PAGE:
November 14 — today — is World Diabetes Day and to mark the occasion, we’re exploring the intrinsic link between diabetes and foot health.
Diabetes-related foot disease is a leading cause of hospitalisation, amputation, and disability burden in Queensland, which have been shown to be significantly reducible with timely access to quality ambulatory care.
Diabetes increases a person’s risk of foot ulcers and amputations because the condition can damage the nerves and blood circulation in the feet. Diabetes-related foot disease is defined as infection, ulceration, or destruction of tissues of the foot associated with neuropathy and/or peripheral artery disease in the lower extremity of a person with (a history of) diabetes mellitus. Timely access to specialist care from a foot care team for persons with foot disease is vital in enabling early assessment and management to limit the severity and risk of hospitalisation. For rural and remote Queenslanders, this specialist advice is not always on hand.
To address this, South West Hospital and Health Services and Statewide Podiatry Telehealth Service are perfecting a system whereby patients can receive timely access to clinical assessments with Telepodiatry. The statewide service was established in 2019 and is jointly delivered by Metro North and Cairns and Hinterland Hospital and Health Services. Sarah Jensen, Director Podiatry at Metro North and Co-chair of our Queensland Diabetes Clinical Network, explained it as an integrated pathway. “Telepodiatry focuses on establishing pathways to connect local services to the statewide podiatry telehealth service so patients can receive timely access to care, which is critical for their foot health,” Sarah said.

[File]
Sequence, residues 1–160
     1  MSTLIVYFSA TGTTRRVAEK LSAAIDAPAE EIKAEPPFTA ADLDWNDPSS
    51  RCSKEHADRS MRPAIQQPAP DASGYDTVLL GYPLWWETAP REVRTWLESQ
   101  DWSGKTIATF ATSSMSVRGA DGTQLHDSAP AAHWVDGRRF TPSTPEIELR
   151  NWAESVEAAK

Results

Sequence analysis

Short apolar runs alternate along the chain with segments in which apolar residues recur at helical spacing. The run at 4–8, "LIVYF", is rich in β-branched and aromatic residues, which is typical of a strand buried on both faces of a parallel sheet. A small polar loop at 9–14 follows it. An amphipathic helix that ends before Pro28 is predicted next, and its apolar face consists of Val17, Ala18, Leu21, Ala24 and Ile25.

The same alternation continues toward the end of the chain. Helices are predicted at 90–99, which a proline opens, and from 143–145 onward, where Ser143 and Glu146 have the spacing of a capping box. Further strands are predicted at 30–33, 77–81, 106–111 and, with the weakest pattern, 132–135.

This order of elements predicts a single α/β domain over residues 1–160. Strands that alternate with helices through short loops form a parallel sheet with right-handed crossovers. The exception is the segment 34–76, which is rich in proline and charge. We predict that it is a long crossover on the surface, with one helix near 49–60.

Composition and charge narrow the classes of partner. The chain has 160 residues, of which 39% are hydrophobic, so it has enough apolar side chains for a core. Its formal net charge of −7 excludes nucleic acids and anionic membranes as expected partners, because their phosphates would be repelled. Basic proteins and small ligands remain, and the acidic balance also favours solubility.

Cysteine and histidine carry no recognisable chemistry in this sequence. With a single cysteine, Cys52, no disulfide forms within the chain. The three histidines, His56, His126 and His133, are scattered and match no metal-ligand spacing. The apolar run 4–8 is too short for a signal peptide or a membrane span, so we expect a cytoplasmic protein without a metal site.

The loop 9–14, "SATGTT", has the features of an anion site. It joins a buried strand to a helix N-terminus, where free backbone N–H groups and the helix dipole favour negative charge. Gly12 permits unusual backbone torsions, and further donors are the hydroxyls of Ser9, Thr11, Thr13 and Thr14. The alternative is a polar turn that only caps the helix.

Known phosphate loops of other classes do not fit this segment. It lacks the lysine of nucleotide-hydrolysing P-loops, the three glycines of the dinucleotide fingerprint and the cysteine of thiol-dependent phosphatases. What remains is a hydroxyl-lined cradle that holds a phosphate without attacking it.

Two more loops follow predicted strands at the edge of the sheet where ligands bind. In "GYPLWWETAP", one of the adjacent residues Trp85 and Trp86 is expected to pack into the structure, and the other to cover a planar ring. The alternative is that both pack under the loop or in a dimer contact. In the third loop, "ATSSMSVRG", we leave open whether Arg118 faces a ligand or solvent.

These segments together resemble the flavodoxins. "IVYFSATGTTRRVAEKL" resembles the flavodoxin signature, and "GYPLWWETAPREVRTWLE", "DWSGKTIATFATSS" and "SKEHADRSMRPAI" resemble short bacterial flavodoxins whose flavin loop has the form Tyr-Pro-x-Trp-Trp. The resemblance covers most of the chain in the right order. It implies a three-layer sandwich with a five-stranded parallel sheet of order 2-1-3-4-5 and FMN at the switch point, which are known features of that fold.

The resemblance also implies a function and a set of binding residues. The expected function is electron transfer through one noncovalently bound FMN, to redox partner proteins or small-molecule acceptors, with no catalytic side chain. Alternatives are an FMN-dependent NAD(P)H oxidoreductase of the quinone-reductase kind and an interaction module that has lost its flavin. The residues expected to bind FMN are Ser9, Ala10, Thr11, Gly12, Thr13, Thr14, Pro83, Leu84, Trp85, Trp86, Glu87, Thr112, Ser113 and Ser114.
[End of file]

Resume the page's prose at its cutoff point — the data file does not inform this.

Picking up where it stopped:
“The goal of the service is to provide specialist podiatry and foot disease management for patients who might not have local access. A podiatrist might be available in areas like the South West, but they have a large geographical area to cover. So, a patient might turn up to Roma with a foot ulcer, but the podiatrist can’t see them because they are covering another site,” she explained.
“Telepodiatry provides the opportunity for the service to get same day advice and offer care, which has significant benefits for the patients.”
Essential to the success of Telepodiatry has been the local healthcare team who are with the patient, know the community and provide the hands-on care in an interdisciplinary approach. In the South West, Telepodiatry has worked with a diverse range of clinicians including a nurse practitioner, wound care clinical nurse consultant, diabetes educator, and allied health assistant.
“They are our hands while we review the Doppler Screen and see the wave forms which is what enables us to do the assessments remotely. In those interactions we are able to upskill the local workforce in foot disease management, wound assessment techniques, and neurovascular assessments,” she said. “This all contributes toward building the capability of the health workforce to recognise, respond and refer foot disease.”